An ICA, it was cast in 1340 by a members of the Mononobes, the famous bell-caster in the Kamakura Period. Notable is the inscription appearing on the surface of the bell, which roughly reads; "The bell was first donated to the temple in 952 by Emperor Murakami (926-967), but was recast in 1153 by imperial order. With times, it broke down and had to cast anew in 1340, and at the same time, the Temple enshrined 12 statues of Juni Shinsho." (See below). The bell is 138 centimeters high, 79.5 centimeters in diameter and is appraised by connoisseurs as a typical bell cast in the Nanboku Period (1336-1392).
The 12.6-meter-wide hall with thatched and hipped roof was rebuilt in 1660 and was designated as an ICA in 1968. In the hall, however, there was no main object of worship or any Buddha statue enshrined probably because the Temple needs to protect the valuable statues from fire and other calamities. Once fire occurs, the wooden structure with thatched roof burns furiously and destroys those assets before you can say knife.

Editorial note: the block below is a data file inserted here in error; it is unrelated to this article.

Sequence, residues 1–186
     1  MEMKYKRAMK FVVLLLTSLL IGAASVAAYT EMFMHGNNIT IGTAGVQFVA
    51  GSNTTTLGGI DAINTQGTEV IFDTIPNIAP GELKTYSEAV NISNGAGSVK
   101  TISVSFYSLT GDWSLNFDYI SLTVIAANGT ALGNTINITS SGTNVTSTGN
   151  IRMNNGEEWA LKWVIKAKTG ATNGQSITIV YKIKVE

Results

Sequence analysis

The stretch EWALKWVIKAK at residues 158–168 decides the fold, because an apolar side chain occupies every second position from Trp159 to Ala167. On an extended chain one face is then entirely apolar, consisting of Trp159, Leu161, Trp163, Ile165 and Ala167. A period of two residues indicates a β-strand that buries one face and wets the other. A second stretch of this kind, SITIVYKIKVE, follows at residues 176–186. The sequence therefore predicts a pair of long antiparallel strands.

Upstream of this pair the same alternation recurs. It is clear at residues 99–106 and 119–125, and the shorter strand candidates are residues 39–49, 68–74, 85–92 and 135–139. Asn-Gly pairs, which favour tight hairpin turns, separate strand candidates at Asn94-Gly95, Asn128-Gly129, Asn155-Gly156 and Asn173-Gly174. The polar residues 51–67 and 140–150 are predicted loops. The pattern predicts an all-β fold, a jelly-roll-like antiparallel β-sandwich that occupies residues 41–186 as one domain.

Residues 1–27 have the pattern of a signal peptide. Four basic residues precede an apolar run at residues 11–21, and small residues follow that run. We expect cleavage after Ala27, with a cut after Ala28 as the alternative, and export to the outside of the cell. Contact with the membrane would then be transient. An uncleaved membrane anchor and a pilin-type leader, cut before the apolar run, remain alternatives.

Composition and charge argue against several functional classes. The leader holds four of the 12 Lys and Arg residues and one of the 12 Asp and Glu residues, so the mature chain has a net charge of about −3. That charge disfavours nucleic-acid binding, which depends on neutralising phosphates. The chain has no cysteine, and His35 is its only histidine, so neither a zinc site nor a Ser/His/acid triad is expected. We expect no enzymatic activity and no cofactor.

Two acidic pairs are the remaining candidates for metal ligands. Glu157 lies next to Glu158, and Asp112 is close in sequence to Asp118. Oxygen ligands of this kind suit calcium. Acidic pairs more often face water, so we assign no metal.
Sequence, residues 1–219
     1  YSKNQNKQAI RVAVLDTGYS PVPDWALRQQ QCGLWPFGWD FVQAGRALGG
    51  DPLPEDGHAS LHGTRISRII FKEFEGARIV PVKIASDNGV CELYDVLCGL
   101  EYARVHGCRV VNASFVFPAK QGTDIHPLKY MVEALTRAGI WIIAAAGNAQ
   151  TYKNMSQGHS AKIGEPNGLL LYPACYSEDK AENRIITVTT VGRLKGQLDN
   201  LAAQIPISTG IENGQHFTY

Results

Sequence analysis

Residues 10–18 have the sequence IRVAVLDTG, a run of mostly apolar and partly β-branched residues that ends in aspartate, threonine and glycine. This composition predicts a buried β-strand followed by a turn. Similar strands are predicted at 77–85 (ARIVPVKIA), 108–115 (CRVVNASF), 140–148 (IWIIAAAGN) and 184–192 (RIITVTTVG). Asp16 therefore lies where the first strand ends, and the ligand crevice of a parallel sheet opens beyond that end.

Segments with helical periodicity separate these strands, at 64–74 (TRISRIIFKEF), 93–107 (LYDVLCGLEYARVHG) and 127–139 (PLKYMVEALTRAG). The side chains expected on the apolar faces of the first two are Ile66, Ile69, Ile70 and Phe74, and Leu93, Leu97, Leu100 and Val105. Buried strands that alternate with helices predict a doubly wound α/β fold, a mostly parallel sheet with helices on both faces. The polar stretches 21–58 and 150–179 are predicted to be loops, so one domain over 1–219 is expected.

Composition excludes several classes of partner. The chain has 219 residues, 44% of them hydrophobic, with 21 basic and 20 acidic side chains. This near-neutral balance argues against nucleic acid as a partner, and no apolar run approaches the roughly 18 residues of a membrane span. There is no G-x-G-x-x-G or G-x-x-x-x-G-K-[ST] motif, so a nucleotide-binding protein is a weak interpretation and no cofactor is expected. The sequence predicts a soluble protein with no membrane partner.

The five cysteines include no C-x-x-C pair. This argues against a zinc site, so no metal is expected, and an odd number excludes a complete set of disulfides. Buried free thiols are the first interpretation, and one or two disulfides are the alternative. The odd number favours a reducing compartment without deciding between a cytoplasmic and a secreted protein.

Installed in the hall, instead, are a pair of Shishigashira, or wood-carved lion's head, which were made in the late Kamakura Period and had been used in rituals for rain until the end of the Edo Period (1603-1868).
Another object placed in the hall is a large drum dedicated in 1194 by Yoritomo Minamoto. It measures 1.38 meters in diameter, 1.3 meters wide and 4.5 meters in girth. Legend holds that the drum was used when Yoritomo Minamoto went on a hunting trip to the foot of Mt. Fuji (a woodblock print at MFA). Legend further states that the sound of the drum is so roaring that fishermen at the coast made complaints against the Temple saying the roar of the drum drove away fish and they were unable to catch them. (Incidentally, the Temple is located 16 kilo-meters away from the nearest coast!) Both Shishigashira and drum are enrolled on the list of ICAs designated by Kanagawa Prefecture.